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Successfully plating Waspaloy with nickel


I run a plating shop and am wondering if anyone out there knows how to successfully plate Waspaloy with nickel. We are Currently experiencing blistering nickel after plate. Does anyone know of an activation process prior to the Sulffamate strike that will enable good solid plate. Thanks for your help.

Guy Boucher
aerospace - North Berwick, ME, USA

First of two simultaneous responses -- 2004


Waspaloy is like Inconel a very difficult to activate. Like Inconel will also Waspaloy build up a reactived surface. Important is to use a only chatodic current cleaning as the first step. Activate chatodic in a HF-H2SO4 solution for a 1-2 minutes count the times from you can see the gassing from the part. Use a nickel strike by Woods nickel strike for 5,0 A/dm2 on 5 minutes. after that go to the nickel plate solution.


Anders Sundman
Anders Sundman
4th Generation Surface Engineering
Consultant - Arvika,

Second of two simultaneous responses -- 2004

Guy, you said in another letter that you did not use a strike for SS. Waspalloy is a high nickel SS. Follow the repair manual. It is hard to activate high nickel parts, especially after an oven cycle. Look into the etches with HF or ammonium bifluoride. PS 54 is very sensitive to voltage and time or it smuts. Of the two nitric HF dip activations, one is too slow and the other one is much too fast. Half way between is better. OK, without special permission, use the high end of the range of the lower strength PS. Also, you can not tarry getting it into the rinse tanks and the strike. Sulfamate strike is great for selected metals, but I doubt if you will get much adhesion without using a Woods strike. I had much better luck with the nickel at the low end of the allowable range and the HCl near the high end of the range of the Woods strike. 50 ASF is a practical minimum and 90 is better, but adhesion falls off very rapidly after 100ASF, so know your areas.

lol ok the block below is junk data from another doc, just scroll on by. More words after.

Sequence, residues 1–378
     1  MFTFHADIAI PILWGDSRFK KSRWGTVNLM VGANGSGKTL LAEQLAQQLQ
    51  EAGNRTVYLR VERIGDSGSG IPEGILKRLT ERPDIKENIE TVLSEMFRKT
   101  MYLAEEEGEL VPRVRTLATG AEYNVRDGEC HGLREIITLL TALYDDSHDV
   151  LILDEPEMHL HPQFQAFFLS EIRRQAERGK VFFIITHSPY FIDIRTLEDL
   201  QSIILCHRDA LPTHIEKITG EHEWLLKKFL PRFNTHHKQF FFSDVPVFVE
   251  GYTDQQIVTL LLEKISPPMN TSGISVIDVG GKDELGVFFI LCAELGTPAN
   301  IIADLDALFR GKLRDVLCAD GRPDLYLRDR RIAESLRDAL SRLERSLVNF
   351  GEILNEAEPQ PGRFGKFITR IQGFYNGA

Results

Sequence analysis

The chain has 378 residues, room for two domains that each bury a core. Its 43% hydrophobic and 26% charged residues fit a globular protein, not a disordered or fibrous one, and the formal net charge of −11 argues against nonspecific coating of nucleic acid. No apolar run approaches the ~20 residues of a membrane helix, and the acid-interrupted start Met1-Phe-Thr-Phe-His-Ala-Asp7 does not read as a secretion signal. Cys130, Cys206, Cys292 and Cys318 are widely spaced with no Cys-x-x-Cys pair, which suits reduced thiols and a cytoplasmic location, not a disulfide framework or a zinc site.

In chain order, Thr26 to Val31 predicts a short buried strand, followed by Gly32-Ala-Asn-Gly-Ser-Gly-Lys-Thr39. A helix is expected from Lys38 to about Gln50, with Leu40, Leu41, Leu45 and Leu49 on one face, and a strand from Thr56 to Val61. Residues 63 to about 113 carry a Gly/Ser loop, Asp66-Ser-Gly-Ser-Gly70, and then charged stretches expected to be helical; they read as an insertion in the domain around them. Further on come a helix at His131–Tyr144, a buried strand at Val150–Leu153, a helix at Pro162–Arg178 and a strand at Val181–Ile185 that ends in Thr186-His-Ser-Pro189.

James Watts
- Navarre, Florida

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